Where Are My Strawberries? Realism in Fiction

HellishHaven_200x300I’m thrilled to have a guest post from L.K. Below , author of Hellish Haven–a dystopian multicultural romance (how’s that for a genre buster?)–from Kensington/Lyrical Press. In the following,  she discusses how even seemingly small decisions when creating a character’s world can take on a larger meaning and come to symbolize an aspect of the character’s desires.

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During the early drafts of Hellish Haven, I based some of the heroine’s likes and dislikes on my own preferences. When I needed a food which would be considered a decadent treat, a food which her husband could hand-feed to her and increase the tension between them, I settled on strawberries. Sweet, juicy, and small enough for Grant to tease over her lips. Not to mention they are among my favorite fruits.

Unfortunately, there are no strawberries in war time. Certainly not in the middle of winter. Think to yourself how hard it is to find good strawberries in December. I constantly sigh and wait for summer, for plump local berries. Eva and Grant wouldn’t be able to scour their local grocery store for produce. When they have made themselves the enemy of the government, they can’t venture into places kept firmly beneath government surveillance. So they have to make do with what they can get.

I had to go back to the drawing board. I thought of produce the rebel forces would be able to grow in their own homes. I erased the strawberries from Eva’s story, no matter that it was her (and my) favorite fruit. I replaced it with greenhouse-grown cherry tomatoes. An infinitely more practical solution.

In a way, that fruit symbolises Eva’s life. Set against a vigilant and ever-present threat, she can’t afford to let down her guard. She can’t afford to indulge in toeing the line, not even to visit an abandoned church set too near the enemy border. She has to be practical, when she wants to live free and unfettered. When I changed even that one small fact from desire to necessity, I thought to myself…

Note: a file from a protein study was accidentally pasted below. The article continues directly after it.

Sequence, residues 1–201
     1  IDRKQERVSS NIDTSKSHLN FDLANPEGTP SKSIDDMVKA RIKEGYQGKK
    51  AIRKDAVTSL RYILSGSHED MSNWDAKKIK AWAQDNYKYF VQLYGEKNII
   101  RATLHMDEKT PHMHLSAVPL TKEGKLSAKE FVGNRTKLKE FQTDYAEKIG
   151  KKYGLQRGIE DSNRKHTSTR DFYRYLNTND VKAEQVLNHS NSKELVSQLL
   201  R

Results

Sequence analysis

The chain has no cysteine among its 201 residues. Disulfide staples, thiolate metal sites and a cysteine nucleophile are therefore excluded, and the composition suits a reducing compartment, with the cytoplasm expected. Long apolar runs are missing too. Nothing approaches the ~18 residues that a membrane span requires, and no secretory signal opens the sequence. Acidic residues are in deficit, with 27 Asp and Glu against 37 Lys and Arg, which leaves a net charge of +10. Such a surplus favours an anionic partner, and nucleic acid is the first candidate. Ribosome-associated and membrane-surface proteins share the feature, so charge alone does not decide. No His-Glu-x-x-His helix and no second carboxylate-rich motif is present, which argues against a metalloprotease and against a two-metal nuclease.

Where are my strawberries?

As an author, I am tied to my characters more closely than to my deepest friends. My characters are a part of me. They are born of my fears, my doubts, my hopes, and my dreams. I have to put my characters through the most heinous struggles in order to give them the happily ever after they deserve. That means taking away the comforts I sometimes take for granted. It means stripping my heroine of everything she knows and loves, even something as simple as her favorite fruit, in order to expose her true strength of character.

Because Eva is strong. She faces death, torture, brainwashing, and the ever-present threat of leaving her son an orphan. She does it to protect her family, her friends, and her freedom. I cringe with every punch doled her way. I cheer every obstacle she crushes beneath her heel.

And I make a promise that once it is all done, once her war has been fought and the book is over, there will always be strawberries.

About the author

L.K. Below grew up in a small town in Ontario, Canada, where her only peek into the wide world was through books. She’s been a bookworm ever since she learned to read, and loves any book with characters and worlds she can lose herself in. She wrote Hellish Haven to take one of her favorite classic books, George Orwell’s 1984, into the modern day…or, in this case, near future. She writes as obsessively as she reads and likes to Tweet about both at @LBelowtheauthor.

One thought on “Where Are My Strawberries? Realism in Fiction

  1. L.K. Below December 4, 2014 / 9:05 am

    Thanks so much for having me here today, Erin!

    Like

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